Advocates and academics routinely discuss mass incarceration. It’s hard not to. The United States counts roughly 2.2 million people in prisons or jails. That’s about 1 out of every 110 adults. Of course, people of color experience incarceration much more frequently than white men or women. As percentages of the country’s population, the incarceration rates for black men and women in particular vastly overshadow Latina/o men and women. Both are well above their white counterparts.
As sobering as these reports are, they exclude the nation’s large and expanding civil immigration detention population. As crImmigration.com readers know well, approximately 33,000 migrants are detained every night while federal government officials decide whether they will be allowed to remain in the United States. Over the course of a given year, those 33,000 people will add up to more than 400,000 detained migrants. At its peak in fiscal year 2012, almost 478,000 migrants were detained by or on behalf of ICE.
One of my greatest frustrations stems from the consistent failure of advocates and academics to recognize that civil immigration detention occupies a prominent role in the United States’ imprisonment fetish. More than a year ago, I asked on this blog, “Should we consider immigration detention as a wholly distinct topic from incarceration or is immigration detention a part of incarceration policies?”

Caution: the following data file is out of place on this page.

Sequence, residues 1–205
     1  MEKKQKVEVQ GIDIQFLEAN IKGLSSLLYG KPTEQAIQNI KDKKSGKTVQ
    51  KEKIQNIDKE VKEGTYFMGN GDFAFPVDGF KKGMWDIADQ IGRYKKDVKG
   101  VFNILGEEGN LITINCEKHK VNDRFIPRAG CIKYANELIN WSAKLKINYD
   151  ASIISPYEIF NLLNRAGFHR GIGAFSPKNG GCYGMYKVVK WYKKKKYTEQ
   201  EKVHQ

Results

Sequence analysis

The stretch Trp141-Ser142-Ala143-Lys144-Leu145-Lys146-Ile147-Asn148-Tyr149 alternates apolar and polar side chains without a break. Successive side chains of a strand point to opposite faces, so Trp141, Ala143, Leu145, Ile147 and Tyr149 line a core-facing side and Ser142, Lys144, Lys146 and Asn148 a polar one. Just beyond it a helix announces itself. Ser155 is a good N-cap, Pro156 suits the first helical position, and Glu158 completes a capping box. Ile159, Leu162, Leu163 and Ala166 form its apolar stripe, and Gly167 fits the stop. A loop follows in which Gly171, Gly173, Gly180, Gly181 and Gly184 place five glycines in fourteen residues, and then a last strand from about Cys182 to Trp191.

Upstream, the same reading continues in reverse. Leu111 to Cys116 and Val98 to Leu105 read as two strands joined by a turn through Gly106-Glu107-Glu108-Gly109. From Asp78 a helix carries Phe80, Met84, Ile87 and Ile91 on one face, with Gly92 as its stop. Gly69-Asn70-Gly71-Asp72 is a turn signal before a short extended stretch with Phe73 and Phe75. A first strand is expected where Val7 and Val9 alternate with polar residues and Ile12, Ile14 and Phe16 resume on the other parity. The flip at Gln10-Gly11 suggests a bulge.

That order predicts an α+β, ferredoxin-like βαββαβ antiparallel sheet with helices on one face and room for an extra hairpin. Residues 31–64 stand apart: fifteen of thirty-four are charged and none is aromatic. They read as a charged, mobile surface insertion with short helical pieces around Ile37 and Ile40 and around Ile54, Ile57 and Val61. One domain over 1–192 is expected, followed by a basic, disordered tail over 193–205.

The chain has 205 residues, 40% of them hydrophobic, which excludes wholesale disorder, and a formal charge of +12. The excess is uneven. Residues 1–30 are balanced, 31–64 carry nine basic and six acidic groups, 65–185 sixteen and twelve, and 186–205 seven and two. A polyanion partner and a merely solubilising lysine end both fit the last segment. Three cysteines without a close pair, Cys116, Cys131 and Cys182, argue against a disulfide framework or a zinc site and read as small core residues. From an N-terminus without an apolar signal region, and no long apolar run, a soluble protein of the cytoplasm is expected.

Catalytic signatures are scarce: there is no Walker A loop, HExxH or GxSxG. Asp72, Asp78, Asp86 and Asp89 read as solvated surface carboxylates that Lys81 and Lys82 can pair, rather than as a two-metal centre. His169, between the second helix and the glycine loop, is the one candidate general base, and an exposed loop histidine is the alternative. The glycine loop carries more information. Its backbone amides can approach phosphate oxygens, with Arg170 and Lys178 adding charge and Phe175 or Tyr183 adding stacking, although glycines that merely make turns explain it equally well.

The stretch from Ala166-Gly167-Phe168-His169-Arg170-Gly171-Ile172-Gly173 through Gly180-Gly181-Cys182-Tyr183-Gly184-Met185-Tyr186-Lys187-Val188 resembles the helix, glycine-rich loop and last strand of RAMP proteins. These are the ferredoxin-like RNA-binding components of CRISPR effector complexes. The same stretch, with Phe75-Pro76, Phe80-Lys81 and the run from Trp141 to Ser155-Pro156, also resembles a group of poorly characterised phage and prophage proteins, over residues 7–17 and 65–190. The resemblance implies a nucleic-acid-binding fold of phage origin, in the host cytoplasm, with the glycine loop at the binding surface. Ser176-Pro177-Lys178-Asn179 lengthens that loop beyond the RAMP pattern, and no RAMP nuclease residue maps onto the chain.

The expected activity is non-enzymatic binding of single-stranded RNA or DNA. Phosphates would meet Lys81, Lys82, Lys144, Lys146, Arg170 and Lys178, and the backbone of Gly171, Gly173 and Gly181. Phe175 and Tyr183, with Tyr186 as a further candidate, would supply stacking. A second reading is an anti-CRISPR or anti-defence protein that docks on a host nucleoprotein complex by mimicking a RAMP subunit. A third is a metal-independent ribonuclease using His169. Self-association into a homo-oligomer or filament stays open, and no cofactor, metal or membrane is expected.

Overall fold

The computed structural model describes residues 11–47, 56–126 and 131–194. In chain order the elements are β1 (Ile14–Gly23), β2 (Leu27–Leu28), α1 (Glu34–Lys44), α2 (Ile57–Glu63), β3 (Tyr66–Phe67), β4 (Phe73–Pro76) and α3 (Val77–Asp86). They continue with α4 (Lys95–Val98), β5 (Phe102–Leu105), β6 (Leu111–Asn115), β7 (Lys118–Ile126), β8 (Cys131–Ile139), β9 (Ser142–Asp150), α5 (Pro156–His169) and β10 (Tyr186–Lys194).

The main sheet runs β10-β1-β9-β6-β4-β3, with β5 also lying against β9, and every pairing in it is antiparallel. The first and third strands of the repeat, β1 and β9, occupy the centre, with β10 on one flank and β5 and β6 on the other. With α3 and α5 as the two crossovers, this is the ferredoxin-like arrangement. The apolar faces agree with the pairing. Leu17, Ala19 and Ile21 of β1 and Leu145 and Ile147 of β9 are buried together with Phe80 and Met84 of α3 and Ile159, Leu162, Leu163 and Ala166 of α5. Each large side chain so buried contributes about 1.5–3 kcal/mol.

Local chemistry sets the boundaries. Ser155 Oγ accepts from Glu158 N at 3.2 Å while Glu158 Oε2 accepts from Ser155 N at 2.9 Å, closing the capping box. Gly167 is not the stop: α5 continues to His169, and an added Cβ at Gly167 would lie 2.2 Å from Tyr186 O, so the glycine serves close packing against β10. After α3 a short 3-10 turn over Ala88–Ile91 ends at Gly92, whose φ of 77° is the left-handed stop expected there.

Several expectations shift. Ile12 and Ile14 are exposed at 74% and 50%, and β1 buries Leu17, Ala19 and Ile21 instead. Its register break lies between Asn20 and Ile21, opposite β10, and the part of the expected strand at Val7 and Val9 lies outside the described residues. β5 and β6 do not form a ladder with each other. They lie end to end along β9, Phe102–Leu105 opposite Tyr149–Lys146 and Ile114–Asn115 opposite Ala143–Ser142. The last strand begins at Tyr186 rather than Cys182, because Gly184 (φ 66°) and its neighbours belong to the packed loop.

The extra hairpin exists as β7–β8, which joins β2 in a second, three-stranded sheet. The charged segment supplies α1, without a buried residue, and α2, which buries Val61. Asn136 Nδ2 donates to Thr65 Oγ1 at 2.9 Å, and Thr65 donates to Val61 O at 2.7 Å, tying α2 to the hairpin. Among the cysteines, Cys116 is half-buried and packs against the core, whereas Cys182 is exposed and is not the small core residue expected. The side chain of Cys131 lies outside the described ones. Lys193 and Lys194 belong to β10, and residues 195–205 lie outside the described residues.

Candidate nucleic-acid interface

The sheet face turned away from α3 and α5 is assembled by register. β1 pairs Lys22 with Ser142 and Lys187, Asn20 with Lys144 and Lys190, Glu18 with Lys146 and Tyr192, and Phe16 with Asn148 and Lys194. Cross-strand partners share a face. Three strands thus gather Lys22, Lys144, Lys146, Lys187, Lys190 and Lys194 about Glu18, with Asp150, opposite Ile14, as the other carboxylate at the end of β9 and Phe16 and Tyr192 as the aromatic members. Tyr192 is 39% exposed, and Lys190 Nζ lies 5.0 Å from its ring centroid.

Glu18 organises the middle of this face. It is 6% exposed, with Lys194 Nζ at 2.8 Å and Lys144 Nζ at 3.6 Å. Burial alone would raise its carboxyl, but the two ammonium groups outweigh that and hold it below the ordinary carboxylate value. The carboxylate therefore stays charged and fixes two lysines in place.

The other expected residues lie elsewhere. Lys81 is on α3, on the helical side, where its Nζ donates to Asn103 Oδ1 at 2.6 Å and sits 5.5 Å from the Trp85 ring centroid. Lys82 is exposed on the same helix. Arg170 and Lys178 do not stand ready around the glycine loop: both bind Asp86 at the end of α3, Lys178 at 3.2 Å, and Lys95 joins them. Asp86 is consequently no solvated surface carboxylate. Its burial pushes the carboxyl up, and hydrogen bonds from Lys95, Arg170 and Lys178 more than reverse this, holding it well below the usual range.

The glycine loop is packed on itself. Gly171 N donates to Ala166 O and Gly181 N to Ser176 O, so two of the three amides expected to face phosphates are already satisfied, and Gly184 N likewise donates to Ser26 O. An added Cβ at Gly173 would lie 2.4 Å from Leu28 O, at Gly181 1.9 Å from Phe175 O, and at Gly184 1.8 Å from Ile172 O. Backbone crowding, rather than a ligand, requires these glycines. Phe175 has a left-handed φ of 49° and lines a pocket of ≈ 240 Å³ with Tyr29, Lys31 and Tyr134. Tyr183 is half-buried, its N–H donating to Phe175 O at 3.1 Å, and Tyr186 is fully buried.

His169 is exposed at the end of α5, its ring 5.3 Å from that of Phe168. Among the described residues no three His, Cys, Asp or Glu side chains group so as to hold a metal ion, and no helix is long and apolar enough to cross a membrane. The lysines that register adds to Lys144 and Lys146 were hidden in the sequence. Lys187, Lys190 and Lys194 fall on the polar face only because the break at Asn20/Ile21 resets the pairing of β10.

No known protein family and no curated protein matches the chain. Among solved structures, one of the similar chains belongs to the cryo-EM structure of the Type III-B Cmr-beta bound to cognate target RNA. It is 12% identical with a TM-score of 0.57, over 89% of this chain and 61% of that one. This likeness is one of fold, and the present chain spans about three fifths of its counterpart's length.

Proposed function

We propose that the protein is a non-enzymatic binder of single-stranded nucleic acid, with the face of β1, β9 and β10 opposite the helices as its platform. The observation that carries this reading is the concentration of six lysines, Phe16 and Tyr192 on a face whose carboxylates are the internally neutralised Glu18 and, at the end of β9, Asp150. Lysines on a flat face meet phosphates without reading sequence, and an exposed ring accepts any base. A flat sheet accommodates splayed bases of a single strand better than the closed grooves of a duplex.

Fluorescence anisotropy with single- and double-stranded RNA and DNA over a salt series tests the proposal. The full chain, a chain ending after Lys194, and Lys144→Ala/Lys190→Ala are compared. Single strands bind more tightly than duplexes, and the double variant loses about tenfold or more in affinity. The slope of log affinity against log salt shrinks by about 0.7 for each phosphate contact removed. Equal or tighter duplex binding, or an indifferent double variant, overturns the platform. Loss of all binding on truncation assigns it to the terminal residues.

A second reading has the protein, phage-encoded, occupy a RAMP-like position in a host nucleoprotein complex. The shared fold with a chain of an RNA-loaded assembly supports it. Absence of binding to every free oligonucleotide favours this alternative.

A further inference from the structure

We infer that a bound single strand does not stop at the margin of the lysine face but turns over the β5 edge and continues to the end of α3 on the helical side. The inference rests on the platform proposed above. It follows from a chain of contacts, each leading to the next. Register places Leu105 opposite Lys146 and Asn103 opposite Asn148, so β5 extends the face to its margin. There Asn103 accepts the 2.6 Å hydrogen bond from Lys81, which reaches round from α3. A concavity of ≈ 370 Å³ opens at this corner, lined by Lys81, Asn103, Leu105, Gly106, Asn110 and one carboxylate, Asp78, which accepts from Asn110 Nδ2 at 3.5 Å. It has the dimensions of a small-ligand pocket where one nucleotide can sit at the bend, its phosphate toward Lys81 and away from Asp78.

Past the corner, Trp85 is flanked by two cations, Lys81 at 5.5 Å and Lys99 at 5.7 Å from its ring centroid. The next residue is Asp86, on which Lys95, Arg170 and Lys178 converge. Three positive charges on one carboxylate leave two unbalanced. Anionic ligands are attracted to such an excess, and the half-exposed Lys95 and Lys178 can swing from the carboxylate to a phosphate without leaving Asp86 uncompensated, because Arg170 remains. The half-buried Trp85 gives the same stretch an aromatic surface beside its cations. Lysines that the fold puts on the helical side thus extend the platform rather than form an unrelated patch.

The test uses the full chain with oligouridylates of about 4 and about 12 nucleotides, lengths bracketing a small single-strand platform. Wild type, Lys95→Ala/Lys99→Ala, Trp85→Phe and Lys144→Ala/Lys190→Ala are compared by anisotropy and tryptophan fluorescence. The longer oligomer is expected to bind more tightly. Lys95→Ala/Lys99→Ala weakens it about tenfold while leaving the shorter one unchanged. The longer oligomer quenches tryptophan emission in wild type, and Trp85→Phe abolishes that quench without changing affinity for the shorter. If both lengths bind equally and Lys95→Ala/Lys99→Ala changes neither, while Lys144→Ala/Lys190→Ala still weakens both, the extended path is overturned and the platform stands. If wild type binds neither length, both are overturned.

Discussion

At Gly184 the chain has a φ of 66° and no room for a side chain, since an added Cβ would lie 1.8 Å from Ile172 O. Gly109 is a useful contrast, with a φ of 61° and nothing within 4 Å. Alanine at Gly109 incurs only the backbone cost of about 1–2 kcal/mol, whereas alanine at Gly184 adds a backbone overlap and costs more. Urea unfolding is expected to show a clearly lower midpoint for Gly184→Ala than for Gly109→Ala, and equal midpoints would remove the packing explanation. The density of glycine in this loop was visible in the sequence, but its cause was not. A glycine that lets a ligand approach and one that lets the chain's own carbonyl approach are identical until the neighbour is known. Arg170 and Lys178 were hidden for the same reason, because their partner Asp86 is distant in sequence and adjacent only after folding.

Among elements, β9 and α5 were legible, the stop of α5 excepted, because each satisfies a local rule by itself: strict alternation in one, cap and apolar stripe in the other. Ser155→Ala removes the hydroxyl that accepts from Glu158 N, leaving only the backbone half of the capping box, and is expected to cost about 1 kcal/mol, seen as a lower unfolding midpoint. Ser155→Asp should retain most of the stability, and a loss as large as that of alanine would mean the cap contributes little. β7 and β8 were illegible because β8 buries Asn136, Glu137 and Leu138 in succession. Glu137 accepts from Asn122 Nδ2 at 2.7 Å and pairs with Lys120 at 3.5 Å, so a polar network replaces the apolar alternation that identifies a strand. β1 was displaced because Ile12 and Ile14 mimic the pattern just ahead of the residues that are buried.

Alongside Michelle Alexander, author of the extremely influential The New Jim Crow, and Silky Shah, co-director of the Detention Watch Network, I was fortunate to recently participate in an exciting discussion aimed at this very question. Alexander brought to the conversation her penetrating analysis of mass incarceration, while Shah shared her sustained commitment to liberatory activist projects. I tapped my study of confinement as a means of enforcing immigration law.
I invite you to watch the full discussion below. This event, I hope, isn’t the last we hear about the relationship between these two deeply entrenched and thoroughly problematic exercises of the government’s coercive powers.
Find this information useful? Then let others know about crImmigration.com, as well as César’s Twitter, Facebook, and LinkedIn pages. And to make sure you don’t miss an update, subscribe to the blog by entering your email address in the subscription box that appears on every page.